Arlington church honors 80 couples married at least 50 years

Posted Monday, Apr. 29, 2013  comments  Print Reprints

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ARLINGTON -- Through health problems, job changes, home relocations, financial struggles and other family crises they battled, side by side, day by day, until the years turned into decades and the decades reached a half-century or longer.

On Sunday evening, First Baptist Church of Arlington honored 80 couples who have been married a combined 4,600 years. About 20 more couples with at least 50 years of marriage were unable to attend.

The celebration, called Influence 50-plus, was organized to emphasize the value of committed matrimony to younger congregants and to share some of the couples' keys to staying married for life. The church held smaller events in 1997 and 2006.

"As we get older, we can start to think that we're losing influence," said Larry Link, an adult minister who organized the event and took part in it with his wife of nearly 50 years. "I told these couples that just by standing up there they can have an influence and offer hope and share something valuable."

Some of the advice seemed ahead of its time.

Joe and Ann Ferrell, for example, decided when they married that there would be no assignment of household chores by gender.

"I folded clothes," said Joe, who was a student at Baylor University in Waco when he met his bride.

"And changed diapers," interjected Ann.

"That was my favorite," he replied.

Religious faith and church support also played a strong role for many, especially when military service or academic studies kept young couples apart for extended periods.

"I would say it's keep your priorities straight," said Chuck McKinley, who married Claire in 1959. "God first, your marriage second, your family and then work. And I didn't do a very good job of that a lot of times, but because I had a really levelheaded bride, things worked out well for me."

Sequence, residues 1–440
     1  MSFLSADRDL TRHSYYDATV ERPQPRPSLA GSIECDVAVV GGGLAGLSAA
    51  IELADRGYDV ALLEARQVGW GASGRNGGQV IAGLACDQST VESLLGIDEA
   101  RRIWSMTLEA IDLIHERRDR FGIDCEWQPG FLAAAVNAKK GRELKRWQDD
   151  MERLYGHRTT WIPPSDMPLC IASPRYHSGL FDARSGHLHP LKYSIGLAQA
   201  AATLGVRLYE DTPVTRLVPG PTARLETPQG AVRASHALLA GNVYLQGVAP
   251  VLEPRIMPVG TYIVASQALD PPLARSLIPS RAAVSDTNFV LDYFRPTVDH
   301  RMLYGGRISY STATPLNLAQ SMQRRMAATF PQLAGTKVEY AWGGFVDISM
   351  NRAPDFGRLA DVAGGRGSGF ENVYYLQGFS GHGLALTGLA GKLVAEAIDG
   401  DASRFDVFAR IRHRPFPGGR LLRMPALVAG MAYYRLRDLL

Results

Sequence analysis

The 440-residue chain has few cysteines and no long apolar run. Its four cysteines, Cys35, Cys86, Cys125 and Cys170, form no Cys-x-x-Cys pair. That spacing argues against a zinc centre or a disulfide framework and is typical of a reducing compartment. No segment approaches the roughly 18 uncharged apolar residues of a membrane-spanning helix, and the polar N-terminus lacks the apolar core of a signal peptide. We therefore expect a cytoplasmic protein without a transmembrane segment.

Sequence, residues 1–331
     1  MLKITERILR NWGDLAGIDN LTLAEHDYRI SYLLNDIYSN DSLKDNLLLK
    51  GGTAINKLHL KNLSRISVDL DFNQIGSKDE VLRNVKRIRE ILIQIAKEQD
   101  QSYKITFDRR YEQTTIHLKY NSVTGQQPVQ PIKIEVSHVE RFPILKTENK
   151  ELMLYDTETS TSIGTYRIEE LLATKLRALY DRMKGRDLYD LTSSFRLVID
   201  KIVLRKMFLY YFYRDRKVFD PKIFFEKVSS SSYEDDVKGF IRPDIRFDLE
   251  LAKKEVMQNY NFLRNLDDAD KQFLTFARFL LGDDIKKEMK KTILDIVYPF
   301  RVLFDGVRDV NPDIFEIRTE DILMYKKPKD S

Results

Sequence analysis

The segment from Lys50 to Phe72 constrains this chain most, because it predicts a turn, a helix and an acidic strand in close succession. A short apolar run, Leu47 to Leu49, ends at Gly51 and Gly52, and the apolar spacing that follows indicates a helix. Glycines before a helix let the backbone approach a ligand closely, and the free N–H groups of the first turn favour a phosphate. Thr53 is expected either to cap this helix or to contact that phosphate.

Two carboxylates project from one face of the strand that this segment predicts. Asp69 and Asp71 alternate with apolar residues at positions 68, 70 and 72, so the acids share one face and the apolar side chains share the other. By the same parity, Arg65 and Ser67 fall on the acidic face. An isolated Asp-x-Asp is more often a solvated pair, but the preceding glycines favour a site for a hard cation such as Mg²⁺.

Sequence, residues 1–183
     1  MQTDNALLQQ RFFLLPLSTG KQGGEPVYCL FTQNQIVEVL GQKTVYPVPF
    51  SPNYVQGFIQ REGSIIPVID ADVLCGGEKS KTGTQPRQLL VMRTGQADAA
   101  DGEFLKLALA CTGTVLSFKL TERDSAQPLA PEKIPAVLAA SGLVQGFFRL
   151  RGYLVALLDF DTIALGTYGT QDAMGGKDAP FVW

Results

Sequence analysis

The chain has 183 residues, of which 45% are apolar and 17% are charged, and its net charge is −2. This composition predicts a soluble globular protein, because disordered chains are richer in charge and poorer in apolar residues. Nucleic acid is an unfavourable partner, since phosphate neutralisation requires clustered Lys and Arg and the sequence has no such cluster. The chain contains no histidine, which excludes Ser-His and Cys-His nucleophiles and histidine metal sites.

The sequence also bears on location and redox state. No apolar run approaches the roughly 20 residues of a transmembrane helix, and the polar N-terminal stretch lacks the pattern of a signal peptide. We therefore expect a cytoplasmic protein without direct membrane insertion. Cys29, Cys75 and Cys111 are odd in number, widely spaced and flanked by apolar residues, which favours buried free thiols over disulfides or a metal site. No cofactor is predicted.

Mary Margaret Basham married Dan in 1949.

"If you want to stay married, don't divorce. Don't talk about it. Don't have that word in your vocabulary," Mary Margaret said.

Learn when not to fight, said Jean Brown, who married Ken in 1952.

"Choose your battles wisely," she said. "Don't be ready to make an issue out of every issue."

Don't go to bed angry, reminded Archie Earle, who has been wed to Marjorie since 1946.

"As far back as I can remember, when we go to bed we always say, 'I love you,'" he said. "And we give each other a kiss goodnight."

Charles Wade, who married Rosemary in 1961, stressed that wedding vows are a bond not to be broken.

"I always will tell a young couple when they get ready for marriage: When you say, 'I will love you,' that's a promise," he said. "You can't always know how you'll feel, but you know what you will do, and if you do loving things, loving feelings take care of themselves."

Although census figures show the overall divorce rate in the U.S. has declined slightly since 1990, divorce has doubled among people 50 and older, according to a study by the National Center for Family and Marriage Research at Bowling Green State University in Ohio.

In a culture where many couples toss aside marriage as casually as they change cellphones, the couples honored Sunday have provided much-needed stability and serve as an inspiration to others, Pastor Dennis Wiles said.

They also show younger congregants that "everything doesn't always have to be perfect" for a marriage to work, he said.

"I wonder how many science fair projects you've worked on," Wiles asked the couples in the nearly full sanctuary. "How many train sets you've put together. How many school lunches you've made, how many batches of homemade cookies. I wonder how many Band-Aids you've put on your children's scraped knees, how many rides to band practice or other school activities you've given, how many report cards you've signed.

"I wonder how many sacrifices you've made for the good of your family and the betterment of your church and your community. I think it's right to say tonight that the world is a better place because of you. Thank you."

Patrick M. Walker, 682-232-4674

Twitter: @patrickmwalker1

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